Should dealers be stocking vehicles based on past ROI?

October 5, 2009

Last week I was with a colleague for whom I have a great deal of respect. He and I were discussing our respective approaches for stocking used vehicle inventory. His approach used an algorithm for stocking that is based, in part, on the ROI of past vehicle sales. In other words, if a particular type of vehicle produced a favorable ROI in the recent past, his algorithm would likely recommend it for replacement. After reflecting upon this approach, I find it to be troubling.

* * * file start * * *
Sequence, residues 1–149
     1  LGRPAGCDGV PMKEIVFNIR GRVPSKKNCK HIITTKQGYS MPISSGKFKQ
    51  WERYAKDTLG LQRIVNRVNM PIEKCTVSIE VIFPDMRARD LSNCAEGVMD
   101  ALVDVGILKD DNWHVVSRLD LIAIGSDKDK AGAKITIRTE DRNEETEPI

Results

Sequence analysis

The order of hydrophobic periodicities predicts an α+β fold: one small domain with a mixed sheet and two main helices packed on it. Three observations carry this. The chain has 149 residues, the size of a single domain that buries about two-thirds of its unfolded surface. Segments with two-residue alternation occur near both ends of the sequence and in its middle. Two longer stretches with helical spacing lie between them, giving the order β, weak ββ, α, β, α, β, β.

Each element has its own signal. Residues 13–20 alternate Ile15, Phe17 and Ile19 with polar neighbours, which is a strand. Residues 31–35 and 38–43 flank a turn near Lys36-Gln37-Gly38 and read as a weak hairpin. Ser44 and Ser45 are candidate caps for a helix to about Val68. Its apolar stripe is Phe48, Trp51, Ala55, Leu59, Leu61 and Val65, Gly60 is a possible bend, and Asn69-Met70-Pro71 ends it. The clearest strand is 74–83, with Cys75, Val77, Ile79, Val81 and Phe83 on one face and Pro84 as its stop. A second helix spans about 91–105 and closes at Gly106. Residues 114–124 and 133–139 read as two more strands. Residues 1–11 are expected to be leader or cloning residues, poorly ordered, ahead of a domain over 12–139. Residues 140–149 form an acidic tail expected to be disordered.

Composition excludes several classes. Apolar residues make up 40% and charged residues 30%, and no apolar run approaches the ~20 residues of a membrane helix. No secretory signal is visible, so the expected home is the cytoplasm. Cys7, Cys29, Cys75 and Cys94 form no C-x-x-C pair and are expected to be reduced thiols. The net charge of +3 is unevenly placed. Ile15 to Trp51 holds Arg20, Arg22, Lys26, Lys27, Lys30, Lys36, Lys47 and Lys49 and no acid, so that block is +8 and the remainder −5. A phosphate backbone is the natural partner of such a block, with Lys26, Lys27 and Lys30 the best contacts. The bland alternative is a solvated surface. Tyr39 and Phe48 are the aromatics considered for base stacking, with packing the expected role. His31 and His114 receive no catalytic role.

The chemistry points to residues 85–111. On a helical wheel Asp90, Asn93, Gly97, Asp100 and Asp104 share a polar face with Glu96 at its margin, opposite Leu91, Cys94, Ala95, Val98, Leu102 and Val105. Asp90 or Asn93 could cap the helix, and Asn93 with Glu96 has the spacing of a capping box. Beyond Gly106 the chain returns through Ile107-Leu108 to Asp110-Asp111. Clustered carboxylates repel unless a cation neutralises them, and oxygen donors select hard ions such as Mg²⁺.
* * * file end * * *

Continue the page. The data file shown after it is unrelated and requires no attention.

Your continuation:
The basis for my concern is that I don’t believe there is an inherent ROI in any particular type of vehicle. This is because both the wholesale acquisition and retail sales prices are constantly fluctuating. There is just no way to guarantee a future ROI based on past performance under such market conditions. It would be like me believing that I should buy more AT&T stock this month because I made a good return on the AT&T stock that I bought and sold last month. Unfortunately, the world just doesn’t work this way.

If I’ve got this wrong, please help me understand how this approach to inventory optimization is supposed to work.